This post was written in collaboration with Nancy Hupp.
Well it’s happened. Everywhere we turn, headlines warn of the Heartbleed Bug, and it’s time for a change—of our passwords. This is especially important for sole practitioners, who have an ethical obligation to be mindful of technology but may not have the IT team to help them out.
Confused? Read this post to understand (or if you’re like me, not understand, but at least appreciate) the risk. The post tells you all you’ve ever wanted to know about Heartbleed and lets you know which passwords to tackle first.
To change your password, the first hurdle is your own memory. I have found that the stronger the password, the weaker my ability to recall it. Show me someone who actually knows their passwords and I will show you someone who:
- Writes them down.
- Uses the same password on all sites.
- Uses a common password we’ve all been instructed never to use.
If, you’re cautious enough to avoid these techno-sins but still unable to recall your password, the answer is to reset it. Click on “Forgot password?” and the site cheerily sends a reset-password instruction to your email address. Which may be when you realize you don’t remember whether you set up the account recently with your new Gmail address, or back in the Clinton administration with that old AOL address your friends have been teasing you about.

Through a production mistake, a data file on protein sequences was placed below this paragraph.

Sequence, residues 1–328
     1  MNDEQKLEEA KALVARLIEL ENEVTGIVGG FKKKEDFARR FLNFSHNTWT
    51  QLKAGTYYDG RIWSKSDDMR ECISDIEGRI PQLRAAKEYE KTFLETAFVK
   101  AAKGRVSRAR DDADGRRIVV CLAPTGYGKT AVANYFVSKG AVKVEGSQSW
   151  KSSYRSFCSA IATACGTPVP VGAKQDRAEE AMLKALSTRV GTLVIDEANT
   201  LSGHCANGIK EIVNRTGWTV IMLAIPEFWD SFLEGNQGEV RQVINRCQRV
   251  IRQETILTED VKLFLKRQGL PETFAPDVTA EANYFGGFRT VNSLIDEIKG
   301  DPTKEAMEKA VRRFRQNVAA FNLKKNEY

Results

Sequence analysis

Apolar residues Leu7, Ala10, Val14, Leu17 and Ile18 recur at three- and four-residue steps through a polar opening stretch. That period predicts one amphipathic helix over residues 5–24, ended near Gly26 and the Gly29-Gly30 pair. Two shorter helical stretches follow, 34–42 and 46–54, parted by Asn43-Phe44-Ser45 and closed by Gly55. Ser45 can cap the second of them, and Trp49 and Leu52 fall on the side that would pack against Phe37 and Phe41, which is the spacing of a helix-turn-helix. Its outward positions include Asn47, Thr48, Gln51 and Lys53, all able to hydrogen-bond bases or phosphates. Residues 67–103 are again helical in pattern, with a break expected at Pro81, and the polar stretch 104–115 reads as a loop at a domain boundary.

But let’s say you find the reset code. Now all you need to do is come up with a new password. Here’s how it works:
You type: ihappy
Invalid. This password is already taken.
You type: ifrustrated
Invalid. You need to have at least one uppercase and one lowercase letter in your password.
You type: I very frustrated
Invalid. You cannot have spaces in your password.
You type: IVeryFrustrated
Invalid. You need at least one symbol in your password.
You type: IVERYfrustrated!!
Invalid. Your password cannot exceed 10 characters in length.
You type: IIrate!
Invalid. Your password must have at least 8 characters.
You are sweating now, punching the keyboard in a veritable panic.
You type: IIIrate!!!
Your password was accepted!
Momentarily you are relieved. Then you read:
Please retype your new password to confirm.
Now you now know why they named it Heartbleed. You’re not wrong to consider the statistical probability of being hacked, and wonder if it would be more or less painful than coming up with a seemingly-infinite series of random letters, numbers and symbols that you will not remember. Or to consider whether there’s an easier way – for example, using a password manager.
Take heart. Know that when you have changed your passwords, returning to work will be the easiest thing you’ve done all day.
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